Bennett, who worked with Byrski throughout his time with the OHL’s Kingston Frontenacs, isn’t the only notable player Byrski has trained. Since his school opened in 1993, he has become a sensei to some of the game’s most talented puck handlers, passers and shooters. Jason Spezza worked with Byrski as a pre-teen and still returns to his camps in the off-season. Steven Stamkos is a regular attendee, as is Jeff Skinner. Brent Burns and Byrski have also worked together for many years, including during Burns’ transition from right winger to a Norris Trophy-contending defenseman. All this is to say Byrski is a well-respected voice in the skill development community.

Byrski’s drills, which Bennett said can be extremely difficult, range from simple stickhandling to maneuvering between and slipping the puck through obstacles. And everything is done with speed. The purpose behind the drills is to focus on the fine skills. But when it comes to getting the most out of progressing an individual skill set, it has to be the player who commits to the training.

Jimmy Roy, the Winnipeg Jets’ co-ordinator of player development, said building the necessary puck skills is player-dependent and specific to each individual, but there has to be “ownership” from each player. “If the players care as much about their career as we do as an organization, and we take ownership of the things that we’re trying to teach them and get them better at, that’s the best thing for a player. But realistically, the players are the ones who are going to get themselves to the NHL.”

Byrski understands that, too. He’ll be approached by agents and players about off-season training, and, on occasion, teams will step in and look into getting a player the help to take the next step. “It will sometimes happen that when I have a player from an organization come to me in the summer, the organization is going to call me and address that they’ve seen this or that, but usually the player knows that from the exit meetings, especially the young players,” Byrski said. “They know what the team is seeing, what they would like them to work on or progress.”

Working on puck skills isn’t something that ends, either. Each season, a player has to work on making progress. Byrski worked with Daniel Alfredsson late in his career and recalled how impressive the then-Senators captain’s ability to control the puck was. Alfredsson told Byrski it was because of the work put in to sustain those abilities. “You learn how to maintain a skill set, how to nourish it, how to cherish it,” Byrski said. “When you’re young, you don’t appreciate the opportunities. But as you mature, you start to realize the potential that you have can be utilized in a greater way. Which means training. A lot of training.”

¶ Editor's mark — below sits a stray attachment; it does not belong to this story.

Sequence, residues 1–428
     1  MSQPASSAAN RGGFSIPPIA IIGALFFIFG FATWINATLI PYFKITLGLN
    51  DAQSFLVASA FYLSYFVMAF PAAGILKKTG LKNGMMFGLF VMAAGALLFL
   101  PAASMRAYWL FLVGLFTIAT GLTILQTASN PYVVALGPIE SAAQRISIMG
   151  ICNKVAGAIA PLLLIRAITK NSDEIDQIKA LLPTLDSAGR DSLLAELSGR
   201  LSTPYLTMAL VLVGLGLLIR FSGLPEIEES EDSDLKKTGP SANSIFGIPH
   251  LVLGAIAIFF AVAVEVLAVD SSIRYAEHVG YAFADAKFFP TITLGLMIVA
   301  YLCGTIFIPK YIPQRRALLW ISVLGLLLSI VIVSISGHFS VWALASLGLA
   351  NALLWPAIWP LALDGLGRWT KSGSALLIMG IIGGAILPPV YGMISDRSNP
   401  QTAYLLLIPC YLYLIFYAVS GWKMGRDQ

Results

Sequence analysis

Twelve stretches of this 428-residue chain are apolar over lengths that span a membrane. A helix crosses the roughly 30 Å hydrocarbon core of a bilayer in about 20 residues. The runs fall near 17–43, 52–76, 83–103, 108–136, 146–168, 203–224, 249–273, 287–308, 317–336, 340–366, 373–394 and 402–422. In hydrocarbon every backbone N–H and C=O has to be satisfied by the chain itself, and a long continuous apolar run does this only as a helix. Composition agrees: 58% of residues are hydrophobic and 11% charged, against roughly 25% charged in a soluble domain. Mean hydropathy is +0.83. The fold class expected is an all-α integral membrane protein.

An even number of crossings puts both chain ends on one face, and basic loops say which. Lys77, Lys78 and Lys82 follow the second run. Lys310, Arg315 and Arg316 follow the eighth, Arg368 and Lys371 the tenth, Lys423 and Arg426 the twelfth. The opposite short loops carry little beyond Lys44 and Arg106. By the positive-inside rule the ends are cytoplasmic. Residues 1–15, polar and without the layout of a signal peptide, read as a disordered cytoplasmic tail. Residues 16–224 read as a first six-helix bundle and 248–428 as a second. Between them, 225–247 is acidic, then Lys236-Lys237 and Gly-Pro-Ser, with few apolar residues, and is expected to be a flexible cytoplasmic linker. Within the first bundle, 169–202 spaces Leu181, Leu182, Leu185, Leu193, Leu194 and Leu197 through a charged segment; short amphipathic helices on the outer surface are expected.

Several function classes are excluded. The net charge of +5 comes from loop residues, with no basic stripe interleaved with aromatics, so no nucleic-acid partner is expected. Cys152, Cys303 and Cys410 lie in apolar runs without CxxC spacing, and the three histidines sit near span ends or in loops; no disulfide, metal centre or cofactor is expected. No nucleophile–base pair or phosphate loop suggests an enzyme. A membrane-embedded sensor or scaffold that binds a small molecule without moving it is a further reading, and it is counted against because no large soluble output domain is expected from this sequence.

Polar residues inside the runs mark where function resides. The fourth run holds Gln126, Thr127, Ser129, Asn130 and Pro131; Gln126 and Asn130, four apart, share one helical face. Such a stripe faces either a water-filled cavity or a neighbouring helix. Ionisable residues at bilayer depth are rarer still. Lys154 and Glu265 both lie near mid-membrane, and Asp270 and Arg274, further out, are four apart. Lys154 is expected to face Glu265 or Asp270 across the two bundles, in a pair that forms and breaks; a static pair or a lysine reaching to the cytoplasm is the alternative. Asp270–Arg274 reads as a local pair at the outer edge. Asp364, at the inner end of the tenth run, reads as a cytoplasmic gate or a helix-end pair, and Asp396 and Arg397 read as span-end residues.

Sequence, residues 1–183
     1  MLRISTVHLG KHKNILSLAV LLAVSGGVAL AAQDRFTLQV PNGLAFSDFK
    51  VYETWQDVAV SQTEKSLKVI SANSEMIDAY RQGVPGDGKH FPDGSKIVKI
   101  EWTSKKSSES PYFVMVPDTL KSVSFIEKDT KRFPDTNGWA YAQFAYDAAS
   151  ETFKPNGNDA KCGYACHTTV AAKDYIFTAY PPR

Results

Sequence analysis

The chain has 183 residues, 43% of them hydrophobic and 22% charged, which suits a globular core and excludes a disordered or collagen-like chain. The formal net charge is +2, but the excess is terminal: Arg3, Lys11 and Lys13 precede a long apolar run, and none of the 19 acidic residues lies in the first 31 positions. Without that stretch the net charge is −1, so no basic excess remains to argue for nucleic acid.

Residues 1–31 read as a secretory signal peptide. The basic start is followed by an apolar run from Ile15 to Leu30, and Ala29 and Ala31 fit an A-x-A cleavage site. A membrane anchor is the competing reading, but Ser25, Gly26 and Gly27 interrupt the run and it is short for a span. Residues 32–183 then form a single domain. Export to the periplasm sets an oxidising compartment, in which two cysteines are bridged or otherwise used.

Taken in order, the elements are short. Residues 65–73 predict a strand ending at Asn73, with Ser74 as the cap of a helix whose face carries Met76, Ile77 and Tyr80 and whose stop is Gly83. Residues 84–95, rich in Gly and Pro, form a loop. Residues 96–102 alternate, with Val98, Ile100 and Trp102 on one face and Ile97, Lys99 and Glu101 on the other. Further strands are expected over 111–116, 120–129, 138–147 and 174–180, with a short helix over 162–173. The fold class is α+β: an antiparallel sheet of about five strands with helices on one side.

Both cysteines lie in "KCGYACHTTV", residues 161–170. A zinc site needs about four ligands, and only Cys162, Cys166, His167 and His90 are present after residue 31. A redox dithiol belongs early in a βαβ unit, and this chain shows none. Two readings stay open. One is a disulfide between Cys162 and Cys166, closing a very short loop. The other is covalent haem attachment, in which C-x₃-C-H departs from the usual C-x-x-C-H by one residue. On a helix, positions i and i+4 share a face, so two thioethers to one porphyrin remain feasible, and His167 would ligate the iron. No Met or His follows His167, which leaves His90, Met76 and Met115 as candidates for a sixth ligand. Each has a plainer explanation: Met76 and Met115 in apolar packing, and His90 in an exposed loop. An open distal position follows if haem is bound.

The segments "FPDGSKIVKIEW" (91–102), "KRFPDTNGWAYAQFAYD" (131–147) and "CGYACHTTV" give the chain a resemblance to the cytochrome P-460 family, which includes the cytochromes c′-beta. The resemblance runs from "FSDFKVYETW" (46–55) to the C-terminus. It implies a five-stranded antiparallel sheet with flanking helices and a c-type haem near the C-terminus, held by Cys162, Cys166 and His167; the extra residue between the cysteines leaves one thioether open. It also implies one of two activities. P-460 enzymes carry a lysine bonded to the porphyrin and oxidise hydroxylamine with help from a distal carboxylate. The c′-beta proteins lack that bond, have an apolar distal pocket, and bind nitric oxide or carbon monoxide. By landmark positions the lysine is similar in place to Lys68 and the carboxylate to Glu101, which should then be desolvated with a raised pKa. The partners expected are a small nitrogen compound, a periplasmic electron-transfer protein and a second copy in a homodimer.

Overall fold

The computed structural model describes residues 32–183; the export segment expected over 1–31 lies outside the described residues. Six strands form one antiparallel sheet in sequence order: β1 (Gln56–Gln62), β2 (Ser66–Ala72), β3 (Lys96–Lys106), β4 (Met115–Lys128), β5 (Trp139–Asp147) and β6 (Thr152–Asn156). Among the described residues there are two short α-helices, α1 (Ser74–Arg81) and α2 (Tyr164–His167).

Continued training can breed confidence, which is backed up by Bennett’s belief that each off-season he’s worked on skill development has made him a better player. Byrski, who has formal education as a children’s psychologist, said confidence, or a lack thereof, can have the greatest effect on a player’s game, especially in a league that has become so obsessed with numbers – those that appear on the scoresheet and those underlying advanced statistics that don’t. But over the course of an off-season, a player’s confidence can grow and his game can become much better. Byrski compares it to adjusting a television set to get the clearest look at their game. “The first day they come in, they even tell me after 40 minutes, they feel sluggish, so the picture is faded,” Byrski said. “They already know and they’ll tell me they need to focus on something. As the off-season progresses – dryland, off-ice, on-ice – you can see the brightness, you can see the colors coming in. By the time a player leaves, you can see that it’s a much sharper picture.”
This is an edited version of a feature that appeared in the Future Watch edition of The Hockey News magazine. Get in-depth features like this one, and much more, by subscribing now.

Oilers coach McLellan rips team after loss to Flames

Daniel Nugent-Bowman
Todd McLellan. (Photo by Dave Reginek/NHLI via Getty Images)

The Edmonton Oilers lost 5-0 to the Calgary Flames on Saturday night in what was the final matchup of the Battle of Alberta at Rexall Place before they move into their new downtown arena in the fall.

And Todd McLellan couldn’t have been steamed about it.

The first-year Oilers coach blasted his team after the game, calling the players’ lackluster output “frickin’ embarrassing.”